The ‘control’ staggered longcell engraving (B) with 14.2cm3 /m2 volume paradoxically had the second-lowest ink consumption (26.5 kilograms) but also the lowest opacity (43%), which failed to meet its target of 48%. The other longcell engraving (A) had the highest anilox volume at 14.5cm3 /m2, achieved target opacity, and used the second-highest amount of ink (29 kilograms) with notable pin-holing. The other GTT open-channel engraving (D) had only a 12cm3 /m2 volume but used the most ink (31.5 kilograms), had the highest opacity (49.5%), and the best ink formation.

Geometry Matters- What can a printer surmise from these results? In the case of the longcell ‘control’ roll (B), a clean, high-volume engraving that counter-intuitively delivers low ink consumption and low opacity indicate that not enough ink reaches the substrate. The high amount of pin-holing suggests that the cell geometry contributes to ink aeration. With longcell roll (A), ink consumption, volume, and opacity are in logical alignment, but pin-holing degrades the ink layer – most likely, again, due to closed-cell engravings’ tendency to aerate the ink and leave ink behind within its cells.

In the case of the open-channel GTT engravings (C) and (D), the opacity was on target, and so too was ink homogeneity, as shown by the compact, non-pin-holed ink layer. But why, exactly, does GTT transfer ink better?

The Calming Effect of GTT The function of the anilox is to transfer a measured amount of ink to the plate surface as if each cell is a measuring cup. Air replaces the ink during this transfer, and in the case of closed-cell engravings, this air may not be fully displaced by ink upon re-entering the ink chamber nor removed during doctoring.

Open-channel geometry allows ink to ‘flow’ within its channels, avoiding compressive turbulence from the doctor blade. These channels are between 30%–40% shallower than closed cells. What’s more, GTT engravings have 66% less ‘land’ area (the top surface of a cell or channel walls) compared with closed cells, meaning more ink surface area is exposed to the plate. These rivers of ink easily lift out for transfer when the plate contacts the anilox.

But more importantly, since there is little — if any — air trapped within the ink, GTT’s ink homogeneity remains intact. Upon re-entering the chamber, an empty GTT channel area cannot carry along any air due to the positive ink pressure within the chamber — the open channels provide the air an ‘escape route.’ But with closed cells, the ink chamber cannot fully displace a cell’s air with ink during replenishment, resulting in poor homogeneity. This raises the conventional closed-cell predictability question: exactly how much of a closed cell’s volume contains ink versus air during production?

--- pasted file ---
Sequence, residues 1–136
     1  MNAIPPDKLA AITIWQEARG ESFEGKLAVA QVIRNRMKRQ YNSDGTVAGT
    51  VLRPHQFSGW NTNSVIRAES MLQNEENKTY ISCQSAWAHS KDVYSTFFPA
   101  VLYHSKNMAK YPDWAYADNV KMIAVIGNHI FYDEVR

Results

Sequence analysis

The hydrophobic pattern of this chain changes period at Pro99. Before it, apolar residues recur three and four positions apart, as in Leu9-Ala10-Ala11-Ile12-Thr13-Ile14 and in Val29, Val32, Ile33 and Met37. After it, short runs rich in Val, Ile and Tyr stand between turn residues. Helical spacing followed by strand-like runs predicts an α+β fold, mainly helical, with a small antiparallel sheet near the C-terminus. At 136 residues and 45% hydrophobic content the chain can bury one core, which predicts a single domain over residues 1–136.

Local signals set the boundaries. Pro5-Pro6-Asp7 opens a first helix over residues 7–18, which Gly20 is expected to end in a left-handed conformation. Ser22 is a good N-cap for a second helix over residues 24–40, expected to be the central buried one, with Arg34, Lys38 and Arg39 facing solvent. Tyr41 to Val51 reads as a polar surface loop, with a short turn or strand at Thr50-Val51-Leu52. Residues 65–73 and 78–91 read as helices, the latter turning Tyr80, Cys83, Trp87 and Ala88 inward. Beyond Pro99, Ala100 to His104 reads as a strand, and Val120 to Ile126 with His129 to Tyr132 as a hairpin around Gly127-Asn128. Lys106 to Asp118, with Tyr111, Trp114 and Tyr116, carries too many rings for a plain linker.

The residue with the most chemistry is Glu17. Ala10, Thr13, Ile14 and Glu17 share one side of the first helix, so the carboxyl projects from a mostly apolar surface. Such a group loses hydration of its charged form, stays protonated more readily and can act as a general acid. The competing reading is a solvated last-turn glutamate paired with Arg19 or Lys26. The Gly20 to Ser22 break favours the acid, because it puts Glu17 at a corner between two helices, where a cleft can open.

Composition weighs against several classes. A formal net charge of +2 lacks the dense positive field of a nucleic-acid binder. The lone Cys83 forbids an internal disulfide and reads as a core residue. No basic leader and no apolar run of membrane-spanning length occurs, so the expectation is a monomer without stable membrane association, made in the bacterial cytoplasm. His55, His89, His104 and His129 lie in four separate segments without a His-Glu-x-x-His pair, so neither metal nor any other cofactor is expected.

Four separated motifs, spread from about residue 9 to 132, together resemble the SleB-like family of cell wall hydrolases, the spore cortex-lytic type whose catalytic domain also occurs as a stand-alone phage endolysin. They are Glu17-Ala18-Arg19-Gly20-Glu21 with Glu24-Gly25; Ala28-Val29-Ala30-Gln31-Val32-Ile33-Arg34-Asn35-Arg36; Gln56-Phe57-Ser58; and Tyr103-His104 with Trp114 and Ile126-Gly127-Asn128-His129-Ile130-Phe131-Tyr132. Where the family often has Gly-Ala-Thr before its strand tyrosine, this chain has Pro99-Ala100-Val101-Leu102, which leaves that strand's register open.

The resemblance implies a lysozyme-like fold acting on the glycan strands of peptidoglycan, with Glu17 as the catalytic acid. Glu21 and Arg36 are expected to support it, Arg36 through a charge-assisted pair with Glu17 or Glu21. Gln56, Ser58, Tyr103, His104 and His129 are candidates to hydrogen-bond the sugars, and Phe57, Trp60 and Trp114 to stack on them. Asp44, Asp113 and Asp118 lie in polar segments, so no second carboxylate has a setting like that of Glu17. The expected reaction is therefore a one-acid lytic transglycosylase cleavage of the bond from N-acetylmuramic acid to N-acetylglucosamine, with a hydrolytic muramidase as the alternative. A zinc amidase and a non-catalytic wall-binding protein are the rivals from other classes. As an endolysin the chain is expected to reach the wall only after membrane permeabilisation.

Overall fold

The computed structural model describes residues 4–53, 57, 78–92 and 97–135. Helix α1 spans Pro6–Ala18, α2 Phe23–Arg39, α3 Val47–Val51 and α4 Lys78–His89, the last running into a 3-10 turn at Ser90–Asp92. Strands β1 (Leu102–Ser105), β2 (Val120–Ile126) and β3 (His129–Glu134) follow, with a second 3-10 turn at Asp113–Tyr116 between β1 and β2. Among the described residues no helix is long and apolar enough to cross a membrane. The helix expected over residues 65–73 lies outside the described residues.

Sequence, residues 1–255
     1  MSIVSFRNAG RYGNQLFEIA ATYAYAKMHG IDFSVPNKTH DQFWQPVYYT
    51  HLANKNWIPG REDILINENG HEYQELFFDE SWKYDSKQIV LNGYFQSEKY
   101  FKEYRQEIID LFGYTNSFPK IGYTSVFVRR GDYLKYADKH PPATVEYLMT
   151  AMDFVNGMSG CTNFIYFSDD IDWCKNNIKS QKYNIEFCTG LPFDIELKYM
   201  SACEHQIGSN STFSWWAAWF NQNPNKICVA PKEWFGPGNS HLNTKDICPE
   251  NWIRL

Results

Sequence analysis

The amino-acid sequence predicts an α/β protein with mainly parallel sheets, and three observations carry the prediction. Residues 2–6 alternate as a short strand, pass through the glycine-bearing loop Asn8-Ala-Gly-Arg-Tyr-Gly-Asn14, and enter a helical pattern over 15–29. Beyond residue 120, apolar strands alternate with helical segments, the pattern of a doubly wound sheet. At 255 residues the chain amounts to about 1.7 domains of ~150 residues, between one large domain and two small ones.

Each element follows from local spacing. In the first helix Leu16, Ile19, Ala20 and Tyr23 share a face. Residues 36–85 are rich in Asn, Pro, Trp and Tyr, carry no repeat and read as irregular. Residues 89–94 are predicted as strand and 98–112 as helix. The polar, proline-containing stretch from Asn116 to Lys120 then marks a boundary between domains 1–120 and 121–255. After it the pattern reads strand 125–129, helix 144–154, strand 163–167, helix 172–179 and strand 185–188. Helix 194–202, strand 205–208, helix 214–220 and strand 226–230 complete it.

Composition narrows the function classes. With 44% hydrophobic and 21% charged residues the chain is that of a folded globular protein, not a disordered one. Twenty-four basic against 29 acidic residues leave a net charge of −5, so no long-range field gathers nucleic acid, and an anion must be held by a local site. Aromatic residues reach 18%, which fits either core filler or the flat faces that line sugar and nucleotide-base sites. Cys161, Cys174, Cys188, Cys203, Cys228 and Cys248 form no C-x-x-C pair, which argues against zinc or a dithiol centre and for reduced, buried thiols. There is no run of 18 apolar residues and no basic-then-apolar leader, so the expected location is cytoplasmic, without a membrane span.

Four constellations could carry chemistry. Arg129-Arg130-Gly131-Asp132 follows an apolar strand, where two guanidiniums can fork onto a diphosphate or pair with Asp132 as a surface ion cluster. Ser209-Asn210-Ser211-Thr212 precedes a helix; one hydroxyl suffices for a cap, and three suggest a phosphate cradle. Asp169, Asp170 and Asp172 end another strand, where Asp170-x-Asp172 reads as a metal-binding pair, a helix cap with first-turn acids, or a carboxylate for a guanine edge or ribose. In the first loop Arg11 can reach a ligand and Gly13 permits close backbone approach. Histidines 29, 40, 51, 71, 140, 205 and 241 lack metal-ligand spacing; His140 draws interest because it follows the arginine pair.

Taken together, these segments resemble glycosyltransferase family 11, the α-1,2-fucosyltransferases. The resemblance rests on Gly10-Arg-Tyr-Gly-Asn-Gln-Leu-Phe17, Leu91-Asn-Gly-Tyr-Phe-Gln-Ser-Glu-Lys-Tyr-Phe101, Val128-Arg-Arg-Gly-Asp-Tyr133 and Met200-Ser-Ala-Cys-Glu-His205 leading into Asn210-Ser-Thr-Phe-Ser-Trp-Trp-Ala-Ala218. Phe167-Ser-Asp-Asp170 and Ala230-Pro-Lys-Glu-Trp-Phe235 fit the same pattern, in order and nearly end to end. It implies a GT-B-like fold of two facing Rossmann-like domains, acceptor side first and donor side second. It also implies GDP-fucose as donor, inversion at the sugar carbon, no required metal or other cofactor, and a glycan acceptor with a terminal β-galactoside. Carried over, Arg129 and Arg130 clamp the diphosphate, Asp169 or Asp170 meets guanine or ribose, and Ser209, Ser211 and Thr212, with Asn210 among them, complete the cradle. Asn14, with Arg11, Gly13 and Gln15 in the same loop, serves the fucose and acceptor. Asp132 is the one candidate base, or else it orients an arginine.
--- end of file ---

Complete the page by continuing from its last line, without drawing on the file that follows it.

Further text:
The Big GTT Win – Better Results, Less Ink Coupled with its improved opacity and ink laydown quality, GTT’s reduction in ink usage proves its value. Against the control roll (B), GTT delivered 4% ink savings and achieved target opacity. Notably, control roll (B) didn’t reach its target of 48, achieving only 43. Against the other closed-cell anilox (A), GTT delivered 12% ink savings. If a converter annually spends $1 million on ink per press, potential white ink savings could reach US$ 36,000 (Rs 2,63,000) per press per year.

Visually, GTT’s results practically eliminated pinholing and mottling, providing a higher-quality foundation for color printing. Moreover, GTT’s delivery of a thinner, more homogenous layer of white ink that dries quicker may, in turn, enable faster press speeds. The need for ‘double bumping could be eliminated altogether — depending on job specifics — resulting in savings on plates, set-up, and downtime.

For printers seeking reliably homogeneous, high-quality, and consistently opaque white ink laydown, GTT proves worthy of consideration — especially if cost reduction is a motivating factor.

 

The Covid-19 pandemic led to the country-wide lockdown on 25 March 2020. It will be two years tomorrow as I write this. What have we learned in this time? Maybe the meaning of resilience since small companies like us have had to rely on our resources and the forbearance of our employees as we have struggled to produce our trade platforms.

The print and packaging industries have been fortunate, although the commercial printing industry is still to recover. We have learned more about the digital transformation that affects commercial printing and packaging. Ultimately digital will help print grow in a country where we are still far behind in our paper and print consumption and where digital is a leapfrog technology that will only increase the demand for print in the foreseeable future.